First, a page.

We all realize that there’s a ton of stuff happening in town. New startups, exciting side projects, crazy cool events. And every day it seems like we’re learning about more and more opportunities to draw the community together—or cool new technologies to test drive.
This leads to two issues. First, how do we keep track of all this stuff? And second, how do we filter all of this stuff?
Silicon Florist wiki to the rescue, my friends! Well or you can refer to it by its more common name: AboutUs. Read More
It’s no secret that part of the magic of this generation of Web startups is the whole social aspect of what’s happening. And while, no doubt, that’s a big component of what we see occurring, there’s something more important that’s often overlooked: enabling.
Web 2.0 is all about enabling. Enabling you to do things that would be practically impossible without the technology. Things like enabling you to find what you want when you want it. Enabling you to broadcast your opinion to the world, quickly and easily. And enabling you to do things like build comics and release Kindle books. Read More
I don’t know about you, but it seems that lately we’ve been flying through the content here at the ol’ Silicon Florist. Tons of stuff happening. Some of it good. Some of it bad.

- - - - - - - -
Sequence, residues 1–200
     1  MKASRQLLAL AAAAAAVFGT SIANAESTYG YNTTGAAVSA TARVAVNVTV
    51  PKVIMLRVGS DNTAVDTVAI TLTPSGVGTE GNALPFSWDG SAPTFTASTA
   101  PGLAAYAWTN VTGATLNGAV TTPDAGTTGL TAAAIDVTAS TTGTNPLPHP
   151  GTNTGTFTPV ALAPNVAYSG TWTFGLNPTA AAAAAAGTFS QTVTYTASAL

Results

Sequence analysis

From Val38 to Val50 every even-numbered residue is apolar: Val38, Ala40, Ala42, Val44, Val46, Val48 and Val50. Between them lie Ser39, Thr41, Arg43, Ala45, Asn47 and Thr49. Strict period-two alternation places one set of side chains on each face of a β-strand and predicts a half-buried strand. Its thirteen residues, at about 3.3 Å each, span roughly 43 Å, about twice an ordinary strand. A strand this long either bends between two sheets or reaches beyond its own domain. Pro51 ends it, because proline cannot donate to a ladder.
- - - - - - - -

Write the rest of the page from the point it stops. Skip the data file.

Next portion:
I’m not egotistical enough to think that you’re hanging on every word I post here—except for you, Mom. So I thought I’d take the opportunity to round up the most popular stories that have been posted to Silicon Florist in May 2009. Read More
A incredibly insightful woman once said, “Encourage your community to take time to step back and enjoy their work.” And since I just read her saying that today, I thought I would stop for a second to emphasize just how lucky we are to have the community we do. We’ve got events going every night and practically every weekend. We’ve got good chatter online and off. And we’re creating and building a lot of cool stuff—sometimes purely through volunteer efforts.
Two of those amazing volunteer projects are Calagator and Open Source Bridge. And two of the awesome people behind those efforts are Selena Deckelmann and Audrey Eschright. Read More
If you’re into electronica, you’re likely a heavy podcast consumer—a great way to get a ton of new tunes to fill your library. But there’s one major issue with that format: like the live sets, DJ podcasts are a single unbroken stream of music—often hours on end—with no way to determine which songs are which and who’s being sampled.
Enter Portland-based Mugasha—arguably the most successful service to come out of Portland Startup Weekend. Mugasha slices and dices DJ sets into consumable—and intelligible—chunks, making it easier on the listener and providing more promotional opportunities for the DJs.
I’ve been a huge fan of Mugasha and the DJs they’ve had since their launch. But the pool of available music had been growing a little stagnant. Until today. Read More
From the sounds of things, choosing presentations for Ignite Portland 6 was a bit of a doozy. But the Ignite Portland team managed to soldier on and select a group of presenters to take the stage on July 16.
There were almost 70 proposals—and all of them were really good. So who made the cut? Read More